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10 A Handbook for Addressing Water Resource Issues Affecting Airport Development Planning 1.3.2 Overview of Recommended Airport-Specific Water Resource Issue Management Program As will be discussed in detail in Section 2, effectively planning for water resource issues asso- ciated with development projects can be aided by establishing an airport-specific Water Resource Issue Management Program that provides a structure to the information assessment and com- pliance assessment process. The Water Resource Issue Management Program proposed in the Handbook includes the following components: 1. Water Resource Issue Information Catalog-- Water Resource Inventory, Mitigation Facility Inventory, Core Regulatory Requirements, and Development Project Checklist. 2. Water Resource Issue Management Plan-- Management Roles and Responsibilities, Protocols for Managing the NEPA Process, and Protocols for Integrating Water Resource Issue Management and Development Project Implementation. The Water Resource Issue Information Catalog provides a common baseline of information from which assessment Key Notes of water resource issues on all projects can proceed. The cata- log should ideally be developed in advance of the planning Ideally, baseline information on site water resources process for a specific project so that the information is avail- and the general approach to water resource issue able at the earliest stages of planning. This will allow more management would be available to planners prior informed consideration of water resource issues at a point to the start of the planning process. in the planning process where water resource impacts can be most easily avoided. The Water Resource Issue Management Plan establishes the guiding principles, management structure, methods, and strategies that will be used to exe- cute the management of water resource issues within the context of a development project. The initial development of the catalog and plan will result in water resource information and a project execution framework that can be used on any development project at the airport with potential water resource issues. While there will be an initial investment to develop these items, there should be long-term cost reductions achieved by implementing the Program through: Decreases in schedule impacts associated with insufficient and late assessment of water resource issues; Reductions in duplicate efforts in acquiring information and in assessing potential sites for multiple projects; Reductions in planning, design, and construction expenses through a more integrated con- sideration of water resource issue management and development project planning; and Reductions in the risk of noncompliance with regulatory requirements. 1.3.3 Overview of Guidance on Integrated Life-Cycle Management of Water Resource Issues Within the Project Implementation Process In Section 3, a method for a life-cycle-based strategy of managing the interaction between water resource issue management and development project implementation is proposed. For the purposes of the Handbook, "life-cycle" incorporates actions taken between the "initial assess- ment" of the project concept to the "operational startup" period for the project that has been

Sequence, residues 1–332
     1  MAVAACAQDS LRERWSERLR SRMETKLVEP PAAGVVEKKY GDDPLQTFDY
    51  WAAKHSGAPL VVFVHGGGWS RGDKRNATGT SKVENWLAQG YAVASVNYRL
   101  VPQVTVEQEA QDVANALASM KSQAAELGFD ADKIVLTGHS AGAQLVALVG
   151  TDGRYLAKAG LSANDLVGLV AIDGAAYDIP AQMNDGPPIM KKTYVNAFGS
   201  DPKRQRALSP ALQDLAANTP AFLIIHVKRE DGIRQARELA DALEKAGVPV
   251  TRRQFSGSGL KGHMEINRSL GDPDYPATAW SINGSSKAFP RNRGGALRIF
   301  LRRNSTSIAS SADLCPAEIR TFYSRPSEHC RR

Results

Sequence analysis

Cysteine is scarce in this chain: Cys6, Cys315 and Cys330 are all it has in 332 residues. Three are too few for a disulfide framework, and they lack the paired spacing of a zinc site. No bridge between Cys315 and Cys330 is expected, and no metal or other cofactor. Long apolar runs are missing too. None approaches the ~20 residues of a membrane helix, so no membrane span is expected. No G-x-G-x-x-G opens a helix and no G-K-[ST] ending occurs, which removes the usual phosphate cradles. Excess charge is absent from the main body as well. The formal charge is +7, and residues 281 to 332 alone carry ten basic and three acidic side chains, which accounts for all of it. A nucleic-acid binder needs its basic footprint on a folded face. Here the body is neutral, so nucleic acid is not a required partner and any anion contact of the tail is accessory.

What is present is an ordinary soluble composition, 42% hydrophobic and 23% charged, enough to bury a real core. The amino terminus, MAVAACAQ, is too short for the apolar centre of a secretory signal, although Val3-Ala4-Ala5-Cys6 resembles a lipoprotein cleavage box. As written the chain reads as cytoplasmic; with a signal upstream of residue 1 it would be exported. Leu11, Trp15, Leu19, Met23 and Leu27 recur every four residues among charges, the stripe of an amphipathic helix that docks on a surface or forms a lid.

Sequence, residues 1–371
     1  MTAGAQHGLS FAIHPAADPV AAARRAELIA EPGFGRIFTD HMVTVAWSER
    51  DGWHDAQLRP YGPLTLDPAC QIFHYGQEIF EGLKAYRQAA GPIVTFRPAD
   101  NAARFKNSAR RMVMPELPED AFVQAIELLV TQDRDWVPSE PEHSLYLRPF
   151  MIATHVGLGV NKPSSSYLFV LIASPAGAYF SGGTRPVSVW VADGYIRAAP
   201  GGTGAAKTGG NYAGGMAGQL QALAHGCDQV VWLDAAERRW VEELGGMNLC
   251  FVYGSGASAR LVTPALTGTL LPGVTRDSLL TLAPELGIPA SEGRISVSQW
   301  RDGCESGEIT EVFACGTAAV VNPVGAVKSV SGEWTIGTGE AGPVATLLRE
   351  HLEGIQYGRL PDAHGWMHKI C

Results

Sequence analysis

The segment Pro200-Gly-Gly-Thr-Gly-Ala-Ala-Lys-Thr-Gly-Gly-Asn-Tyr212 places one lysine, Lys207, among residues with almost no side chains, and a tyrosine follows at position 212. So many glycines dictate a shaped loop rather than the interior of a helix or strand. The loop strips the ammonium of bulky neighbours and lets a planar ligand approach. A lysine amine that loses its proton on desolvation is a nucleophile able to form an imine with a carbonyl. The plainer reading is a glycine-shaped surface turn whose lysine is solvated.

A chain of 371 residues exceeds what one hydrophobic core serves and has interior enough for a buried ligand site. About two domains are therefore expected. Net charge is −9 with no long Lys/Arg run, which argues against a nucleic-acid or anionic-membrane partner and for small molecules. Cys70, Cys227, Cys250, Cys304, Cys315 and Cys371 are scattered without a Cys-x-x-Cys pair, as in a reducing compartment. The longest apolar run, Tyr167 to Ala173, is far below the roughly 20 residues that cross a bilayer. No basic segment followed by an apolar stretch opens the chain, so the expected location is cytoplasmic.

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Handbook Overview 11 implemented. The definitions of "initial assessment" and "operational startup" can clearly be project and site-specific. In general, however, the following definitions apply: Initial assessment--any activities that are associated with consideration of the concepts and locations for the development project. This includes activities undertaken to characterize water resources before they are considered in the context of a specific project. Operational startup--a period of time after construction is completed in which the desired operational activities associated with the project are occurring. Operational startup could include such varied factors as flight activities on a new runway, process operations for a treat- ment facility, or maintenance activities associated with a mitigation wetland. It is important to consider this operational period during the planning stages since the compliance risk, costs, and revenue projections associated with operations can have a crucial impact on decisionmaking for some projects. Between the initial assessment and operational startup, a project can have a variety of phases. In this Handbook, the Typical Phases in Water Resource Issue/ project life-cycle is divided into three broad phases: concep- Project Implementation Process tual planning, detailed planning, and project execution. At Conceptual Planning (one or more projects; includes many airports, conceptual planning would encompass the master plans) master planning process; detailed planning is work associ- Detailed Planning (individual project) ated with a specific project. Project execution encompasses Project Execution (design, construction, operation) the post-planning activities of detailed design, bidding, con- struction, and operational startup. The essence of the proposed life-cycle approach is that managing the interaction of water resource issue and project implementation is an iterative process in which information is con- tinually exchanged and management strategies are continually adapted. Four main elements of that iterative process tend to recur in each project stage: characterize water resources, define compliance requirements, assess project effects, and consolidate all effects (see Figure 2). Figure 2. The four recurring activities within each of the three project implementation phases.